Rebecca Hagelin

First, balance the budget by 2014 without raising taxes. There's only one way to do that: Cut federal spending dramatically. Economic growth requires pro-growth tax relief. Pro-growth tax relief requires that spending be in check. This isn't easy ? every program that receives federal funds has supporters who will fight to keep the funds coming. But it's not complicated, either. It requires growing a backbone and saying no.

Next, freeze discretionary spending for 2005. President Bush's 2005 budget is a promising step in the right direction here. But discretionary spending has grown 39 percent between 2001 and 2004 and is expected to increase another 7 percent this year. Do all these agencies really need another 7 percent? Couldn't they at least wait a year for another huge increase?

Congress and President Bush must do what responsible American families do every year: Set priorities (like homeland security) and reduce spending elsewhere.

The next step for Congress is to reform entitlements. Given that "required" spending consumes two-thirds of the budget now, it's a fantasy to think of balancing anything without also reforming the system. Entitlement programs ? Medicare, including the 2003 drug bill, anti-poverty programs, the subsidy-laden 2002 farm bill ? are expected to grow 6 percent per year for the next decade. We can't balance the budget in 2014 if this trend continues.

The final step, as Riedl points out, is to fix the budget process: "The current budget process provides no workable tools to limit spending, no restrictions on passing massive costs onto future generations, and no incentive to bring all parties to the table early in the budget process to set a framework." Instead of digging, Congress should start building real, meaningful, concrete spending caps and start filling up all the loopholes.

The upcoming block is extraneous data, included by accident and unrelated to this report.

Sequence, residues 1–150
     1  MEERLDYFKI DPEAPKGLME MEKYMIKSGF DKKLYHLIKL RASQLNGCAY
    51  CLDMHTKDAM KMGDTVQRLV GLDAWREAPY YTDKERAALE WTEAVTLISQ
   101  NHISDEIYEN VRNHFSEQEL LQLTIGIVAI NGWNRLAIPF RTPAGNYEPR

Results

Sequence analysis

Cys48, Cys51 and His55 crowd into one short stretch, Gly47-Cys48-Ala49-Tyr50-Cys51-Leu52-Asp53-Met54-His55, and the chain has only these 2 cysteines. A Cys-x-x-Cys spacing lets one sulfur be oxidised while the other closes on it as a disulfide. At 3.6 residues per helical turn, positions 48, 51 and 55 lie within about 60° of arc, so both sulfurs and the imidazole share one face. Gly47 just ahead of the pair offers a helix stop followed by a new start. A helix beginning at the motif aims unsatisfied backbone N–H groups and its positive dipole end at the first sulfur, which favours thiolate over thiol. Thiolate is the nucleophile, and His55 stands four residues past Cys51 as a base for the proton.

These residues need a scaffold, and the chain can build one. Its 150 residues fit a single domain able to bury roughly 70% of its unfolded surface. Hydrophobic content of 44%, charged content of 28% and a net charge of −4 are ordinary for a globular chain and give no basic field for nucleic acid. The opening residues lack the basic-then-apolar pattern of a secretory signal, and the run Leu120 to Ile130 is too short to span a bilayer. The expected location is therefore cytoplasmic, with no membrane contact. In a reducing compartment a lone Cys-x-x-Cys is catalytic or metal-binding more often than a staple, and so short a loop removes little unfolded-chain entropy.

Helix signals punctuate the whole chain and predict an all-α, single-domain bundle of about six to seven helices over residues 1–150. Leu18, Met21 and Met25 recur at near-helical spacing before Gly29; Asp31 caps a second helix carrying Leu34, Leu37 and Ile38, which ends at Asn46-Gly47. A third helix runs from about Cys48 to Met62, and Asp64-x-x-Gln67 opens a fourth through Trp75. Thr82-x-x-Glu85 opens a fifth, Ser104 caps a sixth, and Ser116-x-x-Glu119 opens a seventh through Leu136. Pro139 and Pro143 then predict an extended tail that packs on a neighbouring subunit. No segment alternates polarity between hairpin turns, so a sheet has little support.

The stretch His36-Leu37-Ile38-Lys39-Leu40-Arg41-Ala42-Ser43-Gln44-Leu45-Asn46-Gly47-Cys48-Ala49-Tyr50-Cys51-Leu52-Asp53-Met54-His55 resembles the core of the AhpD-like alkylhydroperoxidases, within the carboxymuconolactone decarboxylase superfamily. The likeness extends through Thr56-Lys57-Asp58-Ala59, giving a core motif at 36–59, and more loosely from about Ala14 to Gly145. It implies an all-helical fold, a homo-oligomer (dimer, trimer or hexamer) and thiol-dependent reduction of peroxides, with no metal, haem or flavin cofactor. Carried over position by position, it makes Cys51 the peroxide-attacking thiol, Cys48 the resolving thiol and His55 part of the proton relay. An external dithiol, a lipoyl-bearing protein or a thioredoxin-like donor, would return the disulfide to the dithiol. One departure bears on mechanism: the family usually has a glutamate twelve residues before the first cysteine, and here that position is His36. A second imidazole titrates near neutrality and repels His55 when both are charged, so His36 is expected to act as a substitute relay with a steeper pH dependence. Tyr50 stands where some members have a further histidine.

America has fallen into a hole that we've helped Congress dig. It's time to throw down our own shovels, and start ranting and raving until Congress also stops digging and starts figuring out a way to get us out of this mess.

We all must acknowledge up front that getting out of the hole will be tough, dirty work. Every program has a constituency, and every cut will offend somebody. Special-interest groups will whine and complain ? they've been experts at demanding government handouts while decent Americans have remained politely quiet as we fall deeper and deeper into the sinkhole. Like my 2-year-old up to his eyeballs in a hole, we've got to start screaming bloody murder.

Rebecca Hagelin

Rebecca Hagelin is a public speaker on the family and culture and the author of the new best seller, 30 Ways in 30 Days to Save Your Family.
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